- "3 out of 4 people who suffer from an autoimmune disease (such as rheumatoid arthritis, lupus and multiple sclerosis) are women" (1);
- women are 2 times more likely than men to be diagnosed with thyroid diseases (1);
- 2-3 times more likely than men to suffer depression (1);
- 2 times more likely than men to contract gallstones (1);
- more likely than men to suffer a second heart attack within the year after their first heart attack (1);
- women who smoke are up to 70% more likely to develop lung cancer than men who smoke (1);
- 80% of people affected by osteoporosis are women (1);
- women are more like to suffer migraines than men (1)
- a woman's liver metabolizes alcohol and drugs less efficiently than a man's liver (1);
- a woman's heart is one third the size of a man's heart and beats faster (1);
- woman wake up faster from anesthesia after surgery (1);
- a woman's brain is neurologically different from a man's brain (1);
- a woman's heart responds to high blood pressure by developing thicker walls which puts them at greater risk for heart failure than men (4).
Women and heart disease-Heart disease is another area where gender based biology has identified differences between men and women. In 1991 the National Institutes of Health (NIH) implemented a landmark observational study concluded in 2006 called the Women's Health Initiative (WIN). WIN provided a great deal of data on women's health. Noteworthy is the finding that women aged 65 and older were more likely to die from heart disease than men. Also, under age 50 a woman's heart attack is twice as likely to be fatal as a man's (5). Experts suggest there are several reasons for this, one of them being that the symptoms of heart attack that men experience aren't necessarily the same for a woman (3). They can be more subtle than the severe chest pain that is the hallmark symptom for men. As a matter of fact, 71% of women reported feeling flu like symptoms in the weeks prior to having a heart attack (5). You can find more information on the topic of heart attack symptoms on The Mayo Clinic website here. A simple, noninvasive way to test for heart disease is the exercise stress test and recent research has provided more insight into the uniqueness of a woman's heart and the use of this diagnostic test.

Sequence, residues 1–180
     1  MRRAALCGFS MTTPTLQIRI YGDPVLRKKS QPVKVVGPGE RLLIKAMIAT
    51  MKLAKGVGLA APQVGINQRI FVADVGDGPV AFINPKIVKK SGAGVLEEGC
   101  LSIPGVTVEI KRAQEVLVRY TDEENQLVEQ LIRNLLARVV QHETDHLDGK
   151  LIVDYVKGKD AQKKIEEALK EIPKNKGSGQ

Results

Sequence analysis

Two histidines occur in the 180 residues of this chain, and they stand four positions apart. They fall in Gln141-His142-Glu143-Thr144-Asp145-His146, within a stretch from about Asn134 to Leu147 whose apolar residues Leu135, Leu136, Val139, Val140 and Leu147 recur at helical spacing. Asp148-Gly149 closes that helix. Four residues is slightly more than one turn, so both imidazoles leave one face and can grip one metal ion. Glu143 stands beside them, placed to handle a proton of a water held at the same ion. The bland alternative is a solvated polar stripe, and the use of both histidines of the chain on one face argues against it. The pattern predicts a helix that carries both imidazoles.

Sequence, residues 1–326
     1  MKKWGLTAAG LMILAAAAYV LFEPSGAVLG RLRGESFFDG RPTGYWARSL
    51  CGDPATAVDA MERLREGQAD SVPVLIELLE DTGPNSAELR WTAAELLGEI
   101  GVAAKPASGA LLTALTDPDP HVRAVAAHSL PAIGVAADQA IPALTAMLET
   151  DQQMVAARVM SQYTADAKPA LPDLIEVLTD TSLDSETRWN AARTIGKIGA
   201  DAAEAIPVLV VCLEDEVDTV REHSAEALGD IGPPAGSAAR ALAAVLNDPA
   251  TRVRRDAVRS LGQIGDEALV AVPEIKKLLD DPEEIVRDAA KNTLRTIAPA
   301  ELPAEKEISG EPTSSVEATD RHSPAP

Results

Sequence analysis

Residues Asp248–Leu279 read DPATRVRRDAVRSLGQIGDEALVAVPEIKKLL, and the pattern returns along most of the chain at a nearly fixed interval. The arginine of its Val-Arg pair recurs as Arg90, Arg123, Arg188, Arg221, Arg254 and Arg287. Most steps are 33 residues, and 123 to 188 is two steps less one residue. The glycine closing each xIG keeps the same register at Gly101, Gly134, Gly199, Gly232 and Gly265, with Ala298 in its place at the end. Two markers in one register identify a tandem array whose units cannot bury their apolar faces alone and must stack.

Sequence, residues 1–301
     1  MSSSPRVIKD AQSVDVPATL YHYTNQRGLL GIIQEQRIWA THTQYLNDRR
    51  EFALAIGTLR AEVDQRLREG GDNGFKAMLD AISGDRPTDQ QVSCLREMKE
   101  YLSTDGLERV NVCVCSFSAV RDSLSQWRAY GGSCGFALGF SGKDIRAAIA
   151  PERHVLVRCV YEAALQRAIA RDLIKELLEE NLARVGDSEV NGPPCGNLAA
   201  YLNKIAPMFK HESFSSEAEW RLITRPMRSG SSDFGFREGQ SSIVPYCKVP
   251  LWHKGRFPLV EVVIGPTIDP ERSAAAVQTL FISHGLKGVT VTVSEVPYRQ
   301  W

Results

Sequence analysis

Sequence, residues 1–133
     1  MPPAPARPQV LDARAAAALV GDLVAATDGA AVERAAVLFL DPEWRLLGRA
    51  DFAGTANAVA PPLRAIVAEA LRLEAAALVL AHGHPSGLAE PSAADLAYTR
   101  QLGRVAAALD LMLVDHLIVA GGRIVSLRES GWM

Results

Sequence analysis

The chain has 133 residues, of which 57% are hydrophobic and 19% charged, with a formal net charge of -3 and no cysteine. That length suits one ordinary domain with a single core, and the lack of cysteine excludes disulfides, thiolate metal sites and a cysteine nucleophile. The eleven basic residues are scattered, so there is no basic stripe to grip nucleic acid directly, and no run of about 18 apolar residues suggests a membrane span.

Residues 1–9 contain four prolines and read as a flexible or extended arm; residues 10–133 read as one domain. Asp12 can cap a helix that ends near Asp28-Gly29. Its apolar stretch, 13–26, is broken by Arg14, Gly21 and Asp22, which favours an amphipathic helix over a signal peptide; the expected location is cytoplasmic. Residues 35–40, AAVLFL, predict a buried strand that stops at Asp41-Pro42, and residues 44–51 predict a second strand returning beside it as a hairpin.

Women Take Heart Study-The Women Take Heart Study, conducted by researchers at Northwestern University, focused on determining the normal response of a woman's heart to exercise stress testing. An exercise stress test or treadmill test is used to check a variety of heart functions including: "heart rate, breathing, blood pressure ECG, and how tired you become when exercising" (7). A stress test can also help diagnose or predict safe levels of exercise, coronary artery disease, possible causes of chest pain, and risk for heart attack (7). During a stress test doctors monitor a patient to determine if they are unable to reach at least 85% of their maximum heart rate. Failure to reach this benchmark means a greater risk of death from heart disease. How a woman's heart rate (HR), or the number of times a heart beats per minute (BPM), responded to the stress of an exercise stress test wasn't understood very well until the Women Take Heart Study. This is because up until this point most of the research in this area had been conducted on men.
Maximum heart rate formula based on male data-Scientists have known that maximal heart rate (MHR) decreases with aging (9). As a result, the formula that doctors typically use to calculate a normal response to exercise stress includes a person's age. However, the formula doesn't take into account gender differences. The simplest form of the maximal heart rate calculation based on data gathered from research using men is: Average maximal HR (MHR) = 220 - age in years (9).